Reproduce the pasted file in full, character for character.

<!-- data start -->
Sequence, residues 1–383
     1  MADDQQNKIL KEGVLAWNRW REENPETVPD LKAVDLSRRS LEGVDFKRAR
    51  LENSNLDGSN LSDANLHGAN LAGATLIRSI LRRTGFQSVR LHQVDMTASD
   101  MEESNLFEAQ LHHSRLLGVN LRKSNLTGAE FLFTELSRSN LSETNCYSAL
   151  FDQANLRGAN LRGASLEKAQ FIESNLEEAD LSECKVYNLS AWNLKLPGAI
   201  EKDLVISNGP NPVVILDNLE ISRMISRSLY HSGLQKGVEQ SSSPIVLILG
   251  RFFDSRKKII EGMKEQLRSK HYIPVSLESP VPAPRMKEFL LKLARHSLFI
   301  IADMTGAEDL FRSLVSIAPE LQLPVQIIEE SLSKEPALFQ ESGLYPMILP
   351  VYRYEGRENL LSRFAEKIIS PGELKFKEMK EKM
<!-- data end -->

Sequence, residues 1–383
     1  MADDQQNKIL KEGVLAWNRW REENPETVPD LKAVDLSRRS LEGVDFKRAR
    51  LENSNLDGSN LSDANLHGAN LAGATLIRSI LRRTGFQSVR LHQVDMTASD
   101  MEESNLFEAQ LHHSRLLGVN LRKSNLTGAE FLFTELSRSN LSETNCYSAL
   151  FDQANLRGAN LRGASLEKAQ FIESNLEEAD LSECKVYNLS AWNLKLPGAI
   201  EKDLVISNGP NPVVILDNLE ISRMISRSLY HSGLQKGVEQ SSSPIVLILG
   251  RFFDSRKKII EGMKEQLRSK HYIPVSLESP VPAPRMKEFL LKLARHSLFI
   301  IADMTGAEDL FRSLVSIAPE LQLPVQIIEE SLSKEPALFQ ESGLYPMILP
   351  VYRYEGRENL LSRFAEKIIS PGELKFKEMK EKM